No one appreciates articles that smartly advise nonprofits how to pitch to donors more than the donors themselves. After all, assuming the advice is indeed smart, simple articles like this one from The Network for Good can save donors, be they individuals or foundations, significant time and some discomfort. We want to give money away, so it is in our interest to help you gain and keep our attention.
The Network for Good offers the following best practices. I’ve added my 2 cents on each.
Make it clear. Don’t just be clear about what you want to accomplish but, importantly, also be clear about what you want us to do. For example: “We want to provide XYZ services to eligible Bay Area residents and we are asking you to underwrite both the cost of those services and a public communications campaign to highlight their availability and benefits.”
Make it easy. Especially when you’re dealing with individuals (versus foundations that typically have their own procedures), remember that check-writers want to write checks, period. Don’t make them jump through hoops with endless donation forms (ugh). You’re the applicant here, not them.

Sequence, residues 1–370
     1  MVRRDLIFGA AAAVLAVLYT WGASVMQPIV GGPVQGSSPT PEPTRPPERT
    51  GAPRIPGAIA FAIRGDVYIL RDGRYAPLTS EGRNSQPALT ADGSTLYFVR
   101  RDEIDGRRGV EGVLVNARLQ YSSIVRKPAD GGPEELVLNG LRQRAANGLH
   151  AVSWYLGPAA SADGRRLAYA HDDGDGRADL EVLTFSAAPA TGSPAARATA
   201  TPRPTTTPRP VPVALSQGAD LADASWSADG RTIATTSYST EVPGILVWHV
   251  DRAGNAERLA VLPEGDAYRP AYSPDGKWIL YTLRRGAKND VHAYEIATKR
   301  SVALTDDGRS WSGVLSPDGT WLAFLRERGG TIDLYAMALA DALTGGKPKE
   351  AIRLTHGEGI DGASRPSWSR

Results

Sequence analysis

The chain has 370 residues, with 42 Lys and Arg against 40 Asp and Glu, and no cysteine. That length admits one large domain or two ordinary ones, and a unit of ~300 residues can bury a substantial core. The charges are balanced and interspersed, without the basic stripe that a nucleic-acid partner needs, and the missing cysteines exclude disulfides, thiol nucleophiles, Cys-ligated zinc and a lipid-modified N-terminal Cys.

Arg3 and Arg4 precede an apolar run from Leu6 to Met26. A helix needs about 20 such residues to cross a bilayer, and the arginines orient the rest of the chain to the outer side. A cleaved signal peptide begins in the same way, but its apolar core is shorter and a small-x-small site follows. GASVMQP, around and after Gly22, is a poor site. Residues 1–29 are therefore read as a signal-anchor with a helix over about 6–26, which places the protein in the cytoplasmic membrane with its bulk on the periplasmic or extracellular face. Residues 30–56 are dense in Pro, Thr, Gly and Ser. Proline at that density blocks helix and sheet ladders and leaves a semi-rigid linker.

Make it matter. Never over-promise or puff; experienced donors will smell that right away. But offer your best estimate as to tangible results; for example, “we project that, with the funding requested, all children in Jones County will have free school lunches by the beginning of next semester.” When in doubt, err on the side of modesty.
Also, if the donor has supported similar causes in the past, note that in your pitch. Institutional donors in particular often welcome opportunities to build whole programs around dominant social purposes. For example, if they’re already funding free school lunches in Smith County, doing so in Jones County adds to their overall sense of coherent institutional mission.
Make it relatable. While foundations pay a lot of attention to macro-studies – see, for example, my DATE post, “Beware Those Rising Tides” – the most prepossessing metrics seldom motivate even large institutional givers as decisively as the real-life stories behind those metrics. In that sense, we’re no different than the individual citizen who sends a check to CARE or the ASPCA. Show us the faces or make us imagine them. You might think about ways to tastefully incorporate individual narratives into your pitch. I repeat: “tastefully.” Do not be mawkish or manipulative.
Make it urgent. I have no problem with deadlines. To the contrary, if the people you’re trying to help can wait for another six months or a year, there are many millions of others who cannot wait, and they’re the ones likelier to get my attention. But don’t just tell me it’s urgent. Tell me why it’s urgent, and soberly assess the consequences of further delay.